How can the grid survive distributed generation and storage?

July 1, 2015

A lot of the talk about the ‘death spiral’ in the demand for electricity from the grid in Australia has centred on the distribution end of the equation and the downside or asset risk associated with ‘disruptive’ technologies such as solar PV and storage.

I’ve suggested before that talk of the death of the grid may be premature. But how can the electricity industry respond to the advent of distributed generation and storage to embrace its potential benefits?

The grid is still required in some form

Historically, we have moved from a decentralised or local model of electricity generation and consumption to a more centralised generation model through the development of large-scale synchronous machines (hydro and thermal).  This was driven by efficiencies and the high energy demands, both in volume and reliability, of industry.

The reduction in cost of distributed generation and storage is changing the efficiency equation for smaller users.  But distributed generation and storage is not a viable alternative for all energy users, so the grid must remain in some form.

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Balancing the value and cost of grid connection

All connected parties benefit to some extent from being connected to the grid.  Generators get a delivery mechanism for their product.  Industry gets an important input to production with high levels of reliability.  Small businesses and homes get access to controllable and comparatively inexpensive energy.  Customers with distributed generation and storage get access to a sink or source that can increase the value of their investment and cap their exposure to resource or equipment failure.

The network adds value to each of these transactions since without it the individual parties must all become self-sufficient. But this added value is not always perceived as adequate compensation for the cost of grid access.  This distortion will ultimately lead to an over-investment in distributed generation and storage to go with an existing over-investment in the grid.

Reaping the benefits of distributed generation and storage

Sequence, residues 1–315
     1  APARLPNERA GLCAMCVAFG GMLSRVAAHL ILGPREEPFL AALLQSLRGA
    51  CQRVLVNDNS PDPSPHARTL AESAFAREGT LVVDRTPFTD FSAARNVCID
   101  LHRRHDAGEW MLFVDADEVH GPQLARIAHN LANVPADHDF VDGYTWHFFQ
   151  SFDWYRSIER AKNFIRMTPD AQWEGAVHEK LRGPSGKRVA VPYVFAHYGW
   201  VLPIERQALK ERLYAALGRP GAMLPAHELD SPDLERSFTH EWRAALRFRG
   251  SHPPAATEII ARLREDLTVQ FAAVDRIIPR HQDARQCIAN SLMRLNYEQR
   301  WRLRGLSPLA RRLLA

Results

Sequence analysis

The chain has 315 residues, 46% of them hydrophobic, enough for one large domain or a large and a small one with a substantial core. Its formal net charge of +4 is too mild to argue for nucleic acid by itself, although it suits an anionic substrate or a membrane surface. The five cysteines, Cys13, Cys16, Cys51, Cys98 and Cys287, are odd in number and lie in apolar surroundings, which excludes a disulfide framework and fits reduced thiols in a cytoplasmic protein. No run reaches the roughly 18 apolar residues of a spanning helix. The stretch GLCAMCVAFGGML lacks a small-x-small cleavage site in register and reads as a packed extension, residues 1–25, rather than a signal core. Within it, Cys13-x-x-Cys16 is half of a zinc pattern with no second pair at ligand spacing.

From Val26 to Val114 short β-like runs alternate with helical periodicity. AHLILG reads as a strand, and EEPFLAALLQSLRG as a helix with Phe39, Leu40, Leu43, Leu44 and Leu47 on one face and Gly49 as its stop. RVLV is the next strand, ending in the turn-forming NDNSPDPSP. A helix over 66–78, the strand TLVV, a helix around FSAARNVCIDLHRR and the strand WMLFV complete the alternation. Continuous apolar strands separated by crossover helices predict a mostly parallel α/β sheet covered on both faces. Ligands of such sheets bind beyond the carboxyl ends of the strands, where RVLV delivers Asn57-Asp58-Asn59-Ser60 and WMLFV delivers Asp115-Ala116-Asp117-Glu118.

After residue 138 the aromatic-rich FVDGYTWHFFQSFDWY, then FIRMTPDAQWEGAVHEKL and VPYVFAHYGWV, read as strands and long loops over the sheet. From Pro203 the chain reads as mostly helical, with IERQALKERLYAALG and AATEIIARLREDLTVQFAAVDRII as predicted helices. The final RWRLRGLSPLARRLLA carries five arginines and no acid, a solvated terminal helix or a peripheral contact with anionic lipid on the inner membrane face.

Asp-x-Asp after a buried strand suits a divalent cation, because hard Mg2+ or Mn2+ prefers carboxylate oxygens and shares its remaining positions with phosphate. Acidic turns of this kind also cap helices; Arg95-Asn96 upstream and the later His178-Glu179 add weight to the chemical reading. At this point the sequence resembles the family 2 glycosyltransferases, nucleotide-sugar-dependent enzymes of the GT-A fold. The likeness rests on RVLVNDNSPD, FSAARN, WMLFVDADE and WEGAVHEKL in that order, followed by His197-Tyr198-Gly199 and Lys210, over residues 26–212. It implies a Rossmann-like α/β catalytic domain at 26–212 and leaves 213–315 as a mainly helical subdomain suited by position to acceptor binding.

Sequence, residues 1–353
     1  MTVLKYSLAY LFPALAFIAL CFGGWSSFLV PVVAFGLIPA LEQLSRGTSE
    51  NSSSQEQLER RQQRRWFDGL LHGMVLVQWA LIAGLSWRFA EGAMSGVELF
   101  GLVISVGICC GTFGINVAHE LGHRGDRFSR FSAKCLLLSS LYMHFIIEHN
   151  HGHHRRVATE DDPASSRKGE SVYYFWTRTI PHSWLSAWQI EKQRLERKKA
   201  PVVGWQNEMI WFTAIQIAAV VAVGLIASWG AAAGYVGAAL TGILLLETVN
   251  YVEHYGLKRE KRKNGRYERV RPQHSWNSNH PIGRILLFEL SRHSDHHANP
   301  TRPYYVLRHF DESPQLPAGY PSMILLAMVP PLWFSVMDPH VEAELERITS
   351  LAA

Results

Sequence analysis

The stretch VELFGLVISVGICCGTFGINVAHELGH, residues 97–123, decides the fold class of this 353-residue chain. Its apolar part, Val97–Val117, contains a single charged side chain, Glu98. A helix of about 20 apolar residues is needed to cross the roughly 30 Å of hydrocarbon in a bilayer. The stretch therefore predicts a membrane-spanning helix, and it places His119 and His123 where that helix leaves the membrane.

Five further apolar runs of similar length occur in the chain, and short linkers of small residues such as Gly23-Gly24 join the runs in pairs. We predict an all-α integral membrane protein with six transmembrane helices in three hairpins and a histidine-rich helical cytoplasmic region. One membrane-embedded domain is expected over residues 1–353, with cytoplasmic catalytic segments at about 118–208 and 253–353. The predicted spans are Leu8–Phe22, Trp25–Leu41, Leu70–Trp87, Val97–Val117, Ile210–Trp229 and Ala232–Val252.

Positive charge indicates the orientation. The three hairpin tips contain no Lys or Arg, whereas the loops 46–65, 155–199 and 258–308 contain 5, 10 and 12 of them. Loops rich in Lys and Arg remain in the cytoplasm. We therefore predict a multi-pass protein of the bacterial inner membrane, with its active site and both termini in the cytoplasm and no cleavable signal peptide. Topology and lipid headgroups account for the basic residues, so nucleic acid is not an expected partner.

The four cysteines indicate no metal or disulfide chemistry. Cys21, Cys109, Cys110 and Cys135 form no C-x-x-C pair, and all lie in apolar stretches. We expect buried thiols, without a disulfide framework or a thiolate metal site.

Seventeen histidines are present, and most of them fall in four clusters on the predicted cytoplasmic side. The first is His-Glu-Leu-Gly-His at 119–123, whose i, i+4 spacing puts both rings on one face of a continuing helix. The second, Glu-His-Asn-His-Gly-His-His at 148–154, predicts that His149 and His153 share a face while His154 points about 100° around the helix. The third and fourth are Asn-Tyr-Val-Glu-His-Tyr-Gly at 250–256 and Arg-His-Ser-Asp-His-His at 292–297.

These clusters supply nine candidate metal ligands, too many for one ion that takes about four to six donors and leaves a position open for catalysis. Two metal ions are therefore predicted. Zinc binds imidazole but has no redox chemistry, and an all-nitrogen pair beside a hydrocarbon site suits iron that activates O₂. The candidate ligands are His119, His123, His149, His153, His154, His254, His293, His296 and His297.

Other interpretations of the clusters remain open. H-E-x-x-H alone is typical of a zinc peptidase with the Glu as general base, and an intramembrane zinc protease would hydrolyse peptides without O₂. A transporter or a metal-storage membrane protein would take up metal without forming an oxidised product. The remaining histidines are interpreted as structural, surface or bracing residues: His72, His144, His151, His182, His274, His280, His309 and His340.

I think two changes could foster more efficient co-development of network infrastructure and distributed generation and storage:

  1. developing a real-time communication and control protocol with customer loads and storage
  2. re-evaluating the worth of the network, basing value not on sunk cost but on utility.

Developing a real-time communication and control protocol

To enhance the synergies between distributed generation and storage and the wider network, real-time status and control of loads and storage must be available to whoever needs it.  The mechanics of this are not difficult unless response must be rapid.  The sooner a standard or an accepted architecture can be adopted, the more efficient the transition and the faster the realisation of benefits.

One of the great challenges of distributed generation and storage for network operators is that it fundamentally changes the assumptions that can be made about the predictability of system demand in the minute-by-minute operation of the grid.

Linking available generation more directly to that demand alleviates some of the risk associated with the increased volatility on the demand side.  It turns a looming risk into a relatively benign outcome, perhaps even a beneficial one.

For instance, if the decision to store is based on price and there is a small variation in this price setpoint across the storage fleet, then the amount of variation within one dispatch interval could be quite high, requiring larger amounts of regulation reserve to be dispatched for a larger percentage of dispatch intervals.